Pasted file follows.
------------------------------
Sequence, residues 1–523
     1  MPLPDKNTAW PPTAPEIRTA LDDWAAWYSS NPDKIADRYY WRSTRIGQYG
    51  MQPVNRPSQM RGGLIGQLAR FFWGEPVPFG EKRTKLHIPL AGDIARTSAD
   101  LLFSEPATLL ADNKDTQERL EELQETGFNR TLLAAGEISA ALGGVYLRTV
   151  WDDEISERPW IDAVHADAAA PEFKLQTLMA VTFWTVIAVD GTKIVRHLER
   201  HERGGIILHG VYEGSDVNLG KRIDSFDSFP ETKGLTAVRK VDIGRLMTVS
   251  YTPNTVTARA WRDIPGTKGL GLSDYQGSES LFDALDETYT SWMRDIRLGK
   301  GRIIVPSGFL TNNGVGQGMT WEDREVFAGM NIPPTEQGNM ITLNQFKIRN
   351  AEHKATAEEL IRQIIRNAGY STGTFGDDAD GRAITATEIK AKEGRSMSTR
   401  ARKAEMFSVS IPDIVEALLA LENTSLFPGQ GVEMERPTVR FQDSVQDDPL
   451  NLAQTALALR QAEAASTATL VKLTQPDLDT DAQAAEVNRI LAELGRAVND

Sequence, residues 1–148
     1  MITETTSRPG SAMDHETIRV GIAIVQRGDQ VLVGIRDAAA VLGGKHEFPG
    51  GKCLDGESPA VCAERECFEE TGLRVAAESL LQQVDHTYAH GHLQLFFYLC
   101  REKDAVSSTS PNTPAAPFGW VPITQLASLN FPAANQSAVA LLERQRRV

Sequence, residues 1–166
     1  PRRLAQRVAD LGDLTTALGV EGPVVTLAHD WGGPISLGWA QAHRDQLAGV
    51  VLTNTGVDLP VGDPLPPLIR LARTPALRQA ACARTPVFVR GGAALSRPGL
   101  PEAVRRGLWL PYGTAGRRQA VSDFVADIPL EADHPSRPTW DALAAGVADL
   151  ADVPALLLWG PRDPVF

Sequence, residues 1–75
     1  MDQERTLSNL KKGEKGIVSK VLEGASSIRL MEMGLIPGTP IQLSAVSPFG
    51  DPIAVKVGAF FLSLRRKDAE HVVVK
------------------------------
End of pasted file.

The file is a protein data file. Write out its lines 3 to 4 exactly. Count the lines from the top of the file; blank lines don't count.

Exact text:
    51  MQPVNRPSQM RGGLIGQLAR FFWGEPVPFG EKRTKLHIPL AGDIARTSAD
   101  LLFSEPATLL ADNKDTQERL EELQETGFNR TLLAAGEISA ALGGVYLRTV